In New Hampshire, Medicaid Expansion Becomes Law

Gov. Maggie Hassan signed a bill setting up a 2 and 1/2 year pilot program to provide health insurance to 50,000 low-income adults. The program will use federal Medicaid funds to pay private insurers.  

New Hampshire Union Leader: Medicaid Expansion Signed Into Law In NH
New Hampshire joined 25 other states Thursday in expanding Medicaid eligibility when Gov. Maggie Hassan signed Senate Bill 413 into law. The bipartisan legislation will provide health insurance to 50,000 low-income adults in a two-and-a-half year pilot program using private health insurers paid for with federal Medicaid money (3/27).

The Associated Press: NH Gov Signs Medicaid Expansion Into Law
New Hampshire officially expanded its Medicaid program Thursday to cover about 50,000 poor adults eligible for federal subsidies under the health care overhaul law. Gov. Maggie Hassan signed a bill that will inject hundreds of millions of dollars in federal funds into the state’s economy. New Hampshire had been one of six states that had not decided whether to expand Medicaid under the federal law. ... The state estimates that 12,000 adults could begin receiving coverage in as little as a month under an existing program to subsidize employer-based coverage, while 38,000 others would receive coverage through the state’s Medicaid managed care program starting July 1 or as soon as possible after that (3/27).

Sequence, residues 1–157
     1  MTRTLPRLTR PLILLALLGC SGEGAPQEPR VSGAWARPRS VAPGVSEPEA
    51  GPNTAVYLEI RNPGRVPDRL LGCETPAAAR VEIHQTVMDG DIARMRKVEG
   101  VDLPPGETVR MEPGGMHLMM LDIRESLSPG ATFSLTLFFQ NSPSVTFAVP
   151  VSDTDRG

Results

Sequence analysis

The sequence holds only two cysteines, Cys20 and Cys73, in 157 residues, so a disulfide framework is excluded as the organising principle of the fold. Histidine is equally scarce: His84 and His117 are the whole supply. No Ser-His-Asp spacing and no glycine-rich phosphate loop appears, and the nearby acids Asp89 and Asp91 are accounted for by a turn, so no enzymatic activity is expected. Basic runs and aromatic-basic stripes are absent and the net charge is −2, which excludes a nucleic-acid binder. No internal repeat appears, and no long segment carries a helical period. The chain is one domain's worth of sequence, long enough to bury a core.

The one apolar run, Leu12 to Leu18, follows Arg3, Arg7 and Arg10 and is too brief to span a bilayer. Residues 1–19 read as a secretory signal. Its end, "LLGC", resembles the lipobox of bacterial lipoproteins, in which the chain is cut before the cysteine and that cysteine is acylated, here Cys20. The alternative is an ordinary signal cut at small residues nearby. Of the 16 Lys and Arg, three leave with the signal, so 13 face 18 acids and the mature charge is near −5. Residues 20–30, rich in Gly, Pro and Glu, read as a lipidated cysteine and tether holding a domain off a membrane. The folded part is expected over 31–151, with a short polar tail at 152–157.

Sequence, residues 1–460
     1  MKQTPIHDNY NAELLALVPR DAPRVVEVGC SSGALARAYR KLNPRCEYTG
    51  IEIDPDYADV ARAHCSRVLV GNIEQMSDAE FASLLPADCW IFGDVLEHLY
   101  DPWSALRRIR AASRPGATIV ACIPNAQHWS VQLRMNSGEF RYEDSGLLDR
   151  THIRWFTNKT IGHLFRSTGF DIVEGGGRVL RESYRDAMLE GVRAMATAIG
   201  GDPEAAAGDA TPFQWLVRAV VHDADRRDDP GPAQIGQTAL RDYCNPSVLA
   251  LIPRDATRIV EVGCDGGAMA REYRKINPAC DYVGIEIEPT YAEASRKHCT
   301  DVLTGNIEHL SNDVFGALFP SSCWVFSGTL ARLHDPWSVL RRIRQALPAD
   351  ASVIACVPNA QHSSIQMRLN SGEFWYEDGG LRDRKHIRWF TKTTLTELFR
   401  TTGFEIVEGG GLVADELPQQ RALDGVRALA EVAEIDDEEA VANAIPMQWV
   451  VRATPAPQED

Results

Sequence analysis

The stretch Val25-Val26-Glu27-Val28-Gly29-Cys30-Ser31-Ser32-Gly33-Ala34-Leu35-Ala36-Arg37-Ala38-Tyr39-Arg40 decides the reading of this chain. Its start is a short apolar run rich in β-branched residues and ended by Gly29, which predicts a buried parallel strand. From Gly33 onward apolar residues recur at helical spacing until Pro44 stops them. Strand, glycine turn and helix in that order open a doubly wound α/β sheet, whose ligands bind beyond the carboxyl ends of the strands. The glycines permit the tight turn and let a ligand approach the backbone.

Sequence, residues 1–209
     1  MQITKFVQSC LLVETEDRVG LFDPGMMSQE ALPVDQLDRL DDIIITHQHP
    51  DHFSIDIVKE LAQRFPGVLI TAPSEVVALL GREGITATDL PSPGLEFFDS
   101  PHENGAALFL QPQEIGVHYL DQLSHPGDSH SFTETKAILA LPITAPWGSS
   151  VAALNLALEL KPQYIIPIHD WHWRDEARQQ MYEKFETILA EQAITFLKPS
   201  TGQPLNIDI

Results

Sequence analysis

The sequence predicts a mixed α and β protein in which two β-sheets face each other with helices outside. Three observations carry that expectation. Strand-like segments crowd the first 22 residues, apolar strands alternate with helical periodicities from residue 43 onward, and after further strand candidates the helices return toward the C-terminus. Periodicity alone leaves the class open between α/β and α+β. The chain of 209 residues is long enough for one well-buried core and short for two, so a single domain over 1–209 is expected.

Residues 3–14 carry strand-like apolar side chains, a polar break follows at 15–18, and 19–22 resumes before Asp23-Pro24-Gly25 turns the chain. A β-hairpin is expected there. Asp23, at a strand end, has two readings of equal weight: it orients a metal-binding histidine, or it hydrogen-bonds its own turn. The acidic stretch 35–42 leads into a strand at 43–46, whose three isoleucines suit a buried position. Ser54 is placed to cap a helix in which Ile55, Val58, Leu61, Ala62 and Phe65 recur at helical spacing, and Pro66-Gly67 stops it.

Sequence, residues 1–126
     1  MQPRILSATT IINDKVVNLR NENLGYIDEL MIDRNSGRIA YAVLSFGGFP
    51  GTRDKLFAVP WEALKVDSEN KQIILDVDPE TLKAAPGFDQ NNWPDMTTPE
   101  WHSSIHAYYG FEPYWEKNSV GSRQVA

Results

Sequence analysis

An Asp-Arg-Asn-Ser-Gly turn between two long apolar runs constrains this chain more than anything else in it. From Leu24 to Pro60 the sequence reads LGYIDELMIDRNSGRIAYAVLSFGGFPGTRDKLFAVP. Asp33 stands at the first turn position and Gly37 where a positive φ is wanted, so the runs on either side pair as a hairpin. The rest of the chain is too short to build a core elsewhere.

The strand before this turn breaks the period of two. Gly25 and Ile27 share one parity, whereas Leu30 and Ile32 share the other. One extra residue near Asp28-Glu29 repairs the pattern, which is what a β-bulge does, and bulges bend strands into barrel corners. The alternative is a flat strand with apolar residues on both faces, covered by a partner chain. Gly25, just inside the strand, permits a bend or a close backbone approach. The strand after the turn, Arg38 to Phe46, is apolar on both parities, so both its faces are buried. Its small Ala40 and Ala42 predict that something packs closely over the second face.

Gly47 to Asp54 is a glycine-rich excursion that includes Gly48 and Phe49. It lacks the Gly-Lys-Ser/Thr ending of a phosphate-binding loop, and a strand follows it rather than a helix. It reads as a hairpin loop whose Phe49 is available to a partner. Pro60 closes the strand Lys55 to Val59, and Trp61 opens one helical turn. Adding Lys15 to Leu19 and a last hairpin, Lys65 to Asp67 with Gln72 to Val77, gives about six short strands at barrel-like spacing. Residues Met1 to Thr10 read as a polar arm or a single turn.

Meanwhile, how are the Medicaid expansion decisions by Illinois and Missouri playing out -

St. Louis Public Radio: Illinois Expanded Its Medicaid Program. Missouri Didn't. How Are Those Choices Working Out? 
For years in most states, Medicaid eligibility had been limited to disabled adults, seniors needing long-term care and very low-income parents with their children. Then along came the Affordable Care Act (Lacapra, 3/26).

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